Afghan refugees who fled to Ukraine after the Taliban takeover of their home country are terrified that they have once again found themselves in a war zone, with no obvious exit.
“Everything is finished,” said Jawed Haqmal, who worked as a translator for the Canadian military in Afghanistan and has been living in a Kyiv hotel with his family since the end of August. “Just like a war zone, everyone is running to the shelters, streets are full of the army. Just like war, the same as what was going on in front of the airport of Kabul on the last day. The same thing is going on here.”
Russian President Vladimir Putin declared “a special military operation” against Ukraine on Wednesday. Shortly afterward, Russian forces invaded Ukraine from the east, north and south, sending thousands of people running for safety. Explosions have been heard in Kyiv, Odessa and several other cities.
Mr. Haqmal said he has heard explosions from his hotel. The sound of warning alarms sends his children running to the bathroom, where they cry and hide with their pregnant mother.
His family of 12 arrived in Ukraine after being evacuated from Afghanistan by Ukrainian special forces, a mission that was carried out following a request from The Globe and Mail to the office of Ukrainian President Volodymyr Zelensky. Their stay in Ukraine was supposed to be a temporary stop on their way to Canada.
But Mr. Haqmal and his extended family have been forced to remain in Ukraine while they wait for Immigration, Refugees and Citizenship Canada to approve their application for resettlement. They are not the only Afghans trapped in another war because of Canadian bureaucratic delay.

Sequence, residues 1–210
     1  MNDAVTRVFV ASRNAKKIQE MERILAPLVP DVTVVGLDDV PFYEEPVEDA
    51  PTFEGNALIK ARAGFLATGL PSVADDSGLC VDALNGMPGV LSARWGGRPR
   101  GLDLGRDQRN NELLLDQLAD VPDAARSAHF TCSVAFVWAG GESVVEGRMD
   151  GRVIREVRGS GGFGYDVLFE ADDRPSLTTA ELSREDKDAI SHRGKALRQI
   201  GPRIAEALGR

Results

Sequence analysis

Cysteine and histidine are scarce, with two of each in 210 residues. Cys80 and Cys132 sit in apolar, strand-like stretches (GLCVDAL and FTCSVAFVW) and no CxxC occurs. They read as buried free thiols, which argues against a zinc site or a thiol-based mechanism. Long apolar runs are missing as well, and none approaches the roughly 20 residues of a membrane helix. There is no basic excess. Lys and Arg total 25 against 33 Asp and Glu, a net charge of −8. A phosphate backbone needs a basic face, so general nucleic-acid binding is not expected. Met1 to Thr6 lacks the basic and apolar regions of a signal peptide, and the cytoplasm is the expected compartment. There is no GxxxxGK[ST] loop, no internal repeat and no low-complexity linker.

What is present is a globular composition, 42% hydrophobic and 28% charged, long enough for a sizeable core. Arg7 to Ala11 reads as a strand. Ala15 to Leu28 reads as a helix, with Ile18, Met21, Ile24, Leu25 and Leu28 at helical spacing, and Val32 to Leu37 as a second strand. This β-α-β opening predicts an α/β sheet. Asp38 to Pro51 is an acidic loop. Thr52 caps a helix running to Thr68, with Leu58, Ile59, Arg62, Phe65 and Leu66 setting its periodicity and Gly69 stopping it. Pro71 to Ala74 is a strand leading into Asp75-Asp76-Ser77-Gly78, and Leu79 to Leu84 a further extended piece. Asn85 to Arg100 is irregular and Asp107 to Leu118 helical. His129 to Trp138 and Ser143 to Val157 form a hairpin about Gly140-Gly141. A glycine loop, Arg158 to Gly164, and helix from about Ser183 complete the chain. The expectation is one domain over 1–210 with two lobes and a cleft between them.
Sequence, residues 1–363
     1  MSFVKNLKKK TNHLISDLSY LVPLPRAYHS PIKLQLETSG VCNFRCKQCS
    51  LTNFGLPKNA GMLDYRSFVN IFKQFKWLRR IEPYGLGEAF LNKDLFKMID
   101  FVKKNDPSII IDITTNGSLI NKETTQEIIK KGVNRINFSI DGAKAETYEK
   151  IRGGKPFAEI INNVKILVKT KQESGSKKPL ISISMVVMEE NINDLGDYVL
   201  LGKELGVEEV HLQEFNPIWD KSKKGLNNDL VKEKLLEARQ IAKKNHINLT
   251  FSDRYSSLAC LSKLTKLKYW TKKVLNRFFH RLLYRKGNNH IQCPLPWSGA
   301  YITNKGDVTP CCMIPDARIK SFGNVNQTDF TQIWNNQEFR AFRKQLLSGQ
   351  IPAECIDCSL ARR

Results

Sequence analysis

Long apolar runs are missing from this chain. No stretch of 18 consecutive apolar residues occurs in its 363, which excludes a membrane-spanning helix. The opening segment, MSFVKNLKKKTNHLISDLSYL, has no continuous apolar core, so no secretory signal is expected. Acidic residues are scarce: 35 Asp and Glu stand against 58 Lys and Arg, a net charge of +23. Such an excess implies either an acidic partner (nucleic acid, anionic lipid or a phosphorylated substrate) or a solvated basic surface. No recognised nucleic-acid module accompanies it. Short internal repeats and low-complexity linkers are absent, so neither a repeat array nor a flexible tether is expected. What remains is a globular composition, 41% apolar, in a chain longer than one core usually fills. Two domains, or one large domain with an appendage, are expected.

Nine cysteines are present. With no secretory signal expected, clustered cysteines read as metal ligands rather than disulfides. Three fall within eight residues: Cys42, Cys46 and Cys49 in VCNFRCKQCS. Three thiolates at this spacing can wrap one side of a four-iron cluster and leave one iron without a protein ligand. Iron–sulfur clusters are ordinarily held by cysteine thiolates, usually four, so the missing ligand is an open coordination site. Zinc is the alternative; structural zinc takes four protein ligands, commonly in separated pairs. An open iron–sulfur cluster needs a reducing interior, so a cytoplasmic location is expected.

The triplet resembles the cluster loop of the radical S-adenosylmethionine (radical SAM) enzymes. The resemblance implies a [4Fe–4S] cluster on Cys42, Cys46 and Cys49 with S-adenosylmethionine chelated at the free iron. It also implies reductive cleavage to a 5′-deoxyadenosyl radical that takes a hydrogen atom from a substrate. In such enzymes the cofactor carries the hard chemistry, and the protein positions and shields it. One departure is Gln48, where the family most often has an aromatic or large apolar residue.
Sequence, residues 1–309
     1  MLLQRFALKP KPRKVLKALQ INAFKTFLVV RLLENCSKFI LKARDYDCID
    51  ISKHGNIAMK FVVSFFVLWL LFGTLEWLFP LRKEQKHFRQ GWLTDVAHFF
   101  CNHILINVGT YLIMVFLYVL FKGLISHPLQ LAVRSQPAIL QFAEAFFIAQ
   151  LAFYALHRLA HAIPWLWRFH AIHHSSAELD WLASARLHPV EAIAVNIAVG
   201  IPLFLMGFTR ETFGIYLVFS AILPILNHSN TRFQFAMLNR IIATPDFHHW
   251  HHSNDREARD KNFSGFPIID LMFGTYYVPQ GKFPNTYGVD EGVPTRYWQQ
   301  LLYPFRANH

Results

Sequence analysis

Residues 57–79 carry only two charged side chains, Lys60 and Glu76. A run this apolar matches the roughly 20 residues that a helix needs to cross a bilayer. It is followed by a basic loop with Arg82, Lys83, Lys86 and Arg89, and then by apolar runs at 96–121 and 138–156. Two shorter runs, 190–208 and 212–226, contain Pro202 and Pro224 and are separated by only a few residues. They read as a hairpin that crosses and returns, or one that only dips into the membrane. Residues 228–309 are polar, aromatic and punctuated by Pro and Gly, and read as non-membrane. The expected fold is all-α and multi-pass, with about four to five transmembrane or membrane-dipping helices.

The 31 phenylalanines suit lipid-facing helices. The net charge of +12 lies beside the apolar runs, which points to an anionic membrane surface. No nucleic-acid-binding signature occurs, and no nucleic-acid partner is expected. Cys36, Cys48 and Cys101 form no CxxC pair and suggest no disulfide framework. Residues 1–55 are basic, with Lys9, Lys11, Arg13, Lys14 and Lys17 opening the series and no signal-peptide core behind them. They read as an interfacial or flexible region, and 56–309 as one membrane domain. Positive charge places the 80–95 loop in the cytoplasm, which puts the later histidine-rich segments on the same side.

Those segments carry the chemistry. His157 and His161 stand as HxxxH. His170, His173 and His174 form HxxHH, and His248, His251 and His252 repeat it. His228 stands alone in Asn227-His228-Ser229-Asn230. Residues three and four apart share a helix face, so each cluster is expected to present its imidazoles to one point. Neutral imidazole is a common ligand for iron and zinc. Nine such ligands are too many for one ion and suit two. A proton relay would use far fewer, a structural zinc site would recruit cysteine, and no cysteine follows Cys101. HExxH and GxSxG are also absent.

Sahraa Karimi, an Afghan film director who made a documentary for a program the Canadian embassy in Kabul helped fund, said she and her brother’s family have been approved for resettlement in Canada, but are all still waiting for Canadian visas. She is safe in Italy, but she said her brother, his wife and their four girls are, like Mr. Haqmal’s family, stuck in a Kyiv hotel.
“I feel hopeless,” Ms. Karimi said. She had been awake since 4 a.m. trying to find a solution for her brother’s family. If something happens to them, she said, she will never forgive herself.
“I said ‘don’t be afraid, everything will be okay’ … but I’m not sure everything will be okay, you know?”
Aidan Strickland, a spokesperson for Immigration Minister Sean Fraser, said IRCC “has been made aware of complex cases of Afghan citizens who are seeking resettlement to Canada, but are currently in Ukraine.”
“IRCC streamlined the application process for applicants from Afghanistan and processed these cases as quickly as possible. While we cannot comment on specific cases, a full admissibility assessment – including security screening – must be completed before a final decision on an application can be made.”
Ms. Strickland said certain cases are complex, and that the screening part of the process can take time.
Fen Osler Hampson, president of the World Refugee and Migration Council and a professor at Carleton University, said in a statement that it is incumbent on the federal government to meet its resettlement obligations to Afghans who have worked for Canada and “have been placed in double jeopardy as a result of this crisis.”
“But at the same time, Canada is also going to have to up its refugee acceptance and resettlement programs to deal with the crisis of Ukrainians who are now fleeing their country to escape Putin’s hammer. It’s time to cut the bureaucratic and political Gordian knot which seems to have tied us in knots for far too long,” he said.
In his hotel lobby in Kyiv, Mr. Haqmal described everyone around him as “really scared.”
“I don’t even know where to run,” he said.
Everything around his hotel is closed, and he can’t find food for his children. “No one stops crying. Kids are crying, my mother is crying, my wife is crying,” he said.
“Believe me, I’m just really heartbroken.”
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